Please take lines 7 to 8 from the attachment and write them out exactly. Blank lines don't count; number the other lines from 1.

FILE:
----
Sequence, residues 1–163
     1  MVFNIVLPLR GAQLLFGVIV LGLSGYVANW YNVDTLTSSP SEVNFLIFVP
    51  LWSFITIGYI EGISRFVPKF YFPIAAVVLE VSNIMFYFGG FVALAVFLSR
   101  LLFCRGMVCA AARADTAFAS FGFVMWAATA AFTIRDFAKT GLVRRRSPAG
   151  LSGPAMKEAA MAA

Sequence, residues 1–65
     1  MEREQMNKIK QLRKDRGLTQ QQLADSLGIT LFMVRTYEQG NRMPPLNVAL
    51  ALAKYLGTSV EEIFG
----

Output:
     1  MEREQMNKIK QLRKDRGLTQ QQLADSLGIT LFMVRTYEQG NRMPPLNVAL
    51  ALAKYLGTSV EEIFG